The passage begins with a monologue from Rodolphe: what he expresses in the passage is a fairly cliché set of ideals from the romantic movement. He talks of “Striving souls” and “beating hearts” . Particularly typical is the idea of two souls matched by fate that cannot be drawn apart. However despite the words of the text the tone is not one of romance. Flaubert intentionally marrs Rodolphe’s words by introducing them with the sentence:
“Rodolphe had moved in closer to Emma, he was talking in a low voice, speaking rapidly”
This has the effect that Rodolphe appears to be making a clumsy attempt to seduce Emma, rather than simply expressing noble sentiments. Another tool that Flaubert uses to make the entire situation still more comedic, is by consistently contrasting the everyday provinciality of the agricultural fair with the frivolous fantasies in which the two “star crossed lovers” engage. This is used consistently throughout the passage, but it makes its first appearance in introduction to this section: Flaubert talks of bleating lambs and cattle, then suddenly Rodolphe says:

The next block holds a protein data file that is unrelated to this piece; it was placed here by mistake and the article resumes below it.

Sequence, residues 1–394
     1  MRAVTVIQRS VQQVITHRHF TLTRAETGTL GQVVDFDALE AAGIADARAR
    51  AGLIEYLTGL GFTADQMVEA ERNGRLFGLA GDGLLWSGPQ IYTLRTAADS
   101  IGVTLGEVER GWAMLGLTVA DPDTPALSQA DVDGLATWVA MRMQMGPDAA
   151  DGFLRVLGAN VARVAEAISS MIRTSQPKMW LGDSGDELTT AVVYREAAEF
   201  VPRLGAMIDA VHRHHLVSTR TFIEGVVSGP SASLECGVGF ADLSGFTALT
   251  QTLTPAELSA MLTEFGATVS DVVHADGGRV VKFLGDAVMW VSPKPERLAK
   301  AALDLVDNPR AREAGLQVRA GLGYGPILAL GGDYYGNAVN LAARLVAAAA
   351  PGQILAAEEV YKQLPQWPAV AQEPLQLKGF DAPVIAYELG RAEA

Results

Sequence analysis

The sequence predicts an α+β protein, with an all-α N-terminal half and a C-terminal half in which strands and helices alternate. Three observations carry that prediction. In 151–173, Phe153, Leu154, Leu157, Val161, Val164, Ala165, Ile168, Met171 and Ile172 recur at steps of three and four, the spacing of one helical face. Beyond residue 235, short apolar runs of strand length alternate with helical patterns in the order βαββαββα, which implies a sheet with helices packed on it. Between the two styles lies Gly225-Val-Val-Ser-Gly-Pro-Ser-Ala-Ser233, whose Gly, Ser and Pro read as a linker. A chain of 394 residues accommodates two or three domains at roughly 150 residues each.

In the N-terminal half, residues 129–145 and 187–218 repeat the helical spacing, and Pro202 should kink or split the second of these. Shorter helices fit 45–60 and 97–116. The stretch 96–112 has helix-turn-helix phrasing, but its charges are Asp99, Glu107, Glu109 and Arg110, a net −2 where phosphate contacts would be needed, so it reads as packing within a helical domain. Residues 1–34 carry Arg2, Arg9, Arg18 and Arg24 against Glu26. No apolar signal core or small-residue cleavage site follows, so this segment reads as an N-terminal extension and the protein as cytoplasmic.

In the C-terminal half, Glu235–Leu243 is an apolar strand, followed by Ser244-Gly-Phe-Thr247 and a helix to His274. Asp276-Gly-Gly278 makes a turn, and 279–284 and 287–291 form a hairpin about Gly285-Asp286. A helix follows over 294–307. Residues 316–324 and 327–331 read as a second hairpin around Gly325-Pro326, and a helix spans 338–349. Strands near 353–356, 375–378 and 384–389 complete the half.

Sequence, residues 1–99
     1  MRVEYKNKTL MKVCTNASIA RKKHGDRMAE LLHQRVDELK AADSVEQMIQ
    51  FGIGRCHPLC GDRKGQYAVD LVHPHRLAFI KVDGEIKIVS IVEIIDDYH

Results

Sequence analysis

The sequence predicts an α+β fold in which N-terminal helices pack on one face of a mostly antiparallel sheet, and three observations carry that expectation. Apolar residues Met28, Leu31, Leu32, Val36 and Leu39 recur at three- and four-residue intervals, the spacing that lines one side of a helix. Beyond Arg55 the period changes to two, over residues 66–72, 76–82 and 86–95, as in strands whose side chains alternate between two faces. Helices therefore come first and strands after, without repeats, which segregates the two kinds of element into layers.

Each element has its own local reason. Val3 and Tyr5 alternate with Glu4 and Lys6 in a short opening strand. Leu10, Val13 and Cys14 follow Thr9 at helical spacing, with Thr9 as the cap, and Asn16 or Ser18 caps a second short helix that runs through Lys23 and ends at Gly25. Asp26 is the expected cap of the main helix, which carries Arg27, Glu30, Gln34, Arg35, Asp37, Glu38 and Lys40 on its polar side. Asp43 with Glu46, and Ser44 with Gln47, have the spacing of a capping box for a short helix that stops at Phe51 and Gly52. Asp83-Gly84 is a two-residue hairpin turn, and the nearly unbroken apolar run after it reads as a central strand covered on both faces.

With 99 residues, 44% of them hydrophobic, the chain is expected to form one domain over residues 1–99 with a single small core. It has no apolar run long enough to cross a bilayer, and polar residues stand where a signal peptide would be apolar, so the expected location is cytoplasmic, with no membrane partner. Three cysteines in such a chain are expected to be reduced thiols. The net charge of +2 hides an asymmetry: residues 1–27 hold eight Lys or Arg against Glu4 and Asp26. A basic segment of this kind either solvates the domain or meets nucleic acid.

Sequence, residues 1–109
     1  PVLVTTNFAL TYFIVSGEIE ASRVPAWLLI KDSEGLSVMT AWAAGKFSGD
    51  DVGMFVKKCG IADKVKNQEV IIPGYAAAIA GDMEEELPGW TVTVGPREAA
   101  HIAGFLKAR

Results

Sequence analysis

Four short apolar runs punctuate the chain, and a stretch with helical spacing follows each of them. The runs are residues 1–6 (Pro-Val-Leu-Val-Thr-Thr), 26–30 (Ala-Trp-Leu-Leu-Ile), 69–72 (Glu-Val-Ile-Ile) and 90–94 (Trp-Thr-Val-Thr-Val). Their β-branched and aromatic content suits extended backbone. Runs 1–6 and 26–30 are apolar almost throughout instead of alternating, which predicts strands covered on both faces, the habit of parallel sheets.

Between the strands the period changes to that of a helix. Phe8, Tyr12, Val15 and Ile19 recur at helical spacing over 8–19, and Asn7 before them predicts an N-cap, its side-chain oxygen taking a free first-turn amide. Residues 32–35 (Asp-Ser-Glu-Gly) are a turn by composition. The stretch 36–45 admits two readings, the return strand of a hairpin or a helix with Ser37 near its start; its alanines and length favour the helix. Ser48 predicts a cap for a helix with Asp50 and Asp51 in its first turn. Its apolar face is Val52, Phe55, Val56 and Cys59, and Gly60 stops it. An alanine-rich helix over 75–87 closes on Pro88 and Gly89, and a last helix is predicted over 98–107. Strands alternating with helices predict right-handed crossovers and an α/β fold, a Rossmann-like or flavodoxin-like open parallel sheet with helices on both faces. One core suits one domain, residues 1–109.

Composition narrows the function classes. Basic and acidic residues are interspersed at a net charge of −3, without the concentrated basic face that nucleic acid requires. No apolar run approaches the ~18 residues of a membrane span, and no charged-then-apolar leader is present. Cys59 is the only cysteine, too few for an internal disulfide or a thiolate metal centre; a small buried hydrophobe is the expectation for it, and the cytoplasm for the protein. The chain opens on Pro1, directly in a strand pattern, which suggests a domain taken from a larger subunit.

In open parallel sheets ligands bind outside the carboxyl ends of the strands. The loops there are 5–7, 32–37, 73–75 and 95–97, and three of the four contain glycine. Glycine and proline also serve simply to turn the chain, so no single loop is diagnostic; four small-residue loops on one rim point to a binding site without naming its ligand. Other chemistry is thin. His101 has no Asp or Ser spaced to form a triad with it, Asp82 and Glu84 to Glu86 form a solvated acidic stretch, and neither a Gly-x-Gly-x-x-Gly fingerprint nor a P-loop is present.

“Don’t you find this social conspiracy revolting? Is there one sacred feeling that they do not condemn?”.
This adds to the reader’s feeling that Rodolphe and Emma are completely in a world of their own with little or no connection to the reality of the bovine conspirators. The reader should note the over-punctuation which creates a disjointed tone:
Oh! Come what may, sooner or later, in six months, ten years, they will be together, will be lovers, because Fate ordains it, because they were born for one another.
Flaubert runs the entire monologue into a single paragraph. This has the effect that we are left with the impression of a clumsy attempt at seduction muttered quickly under the breath.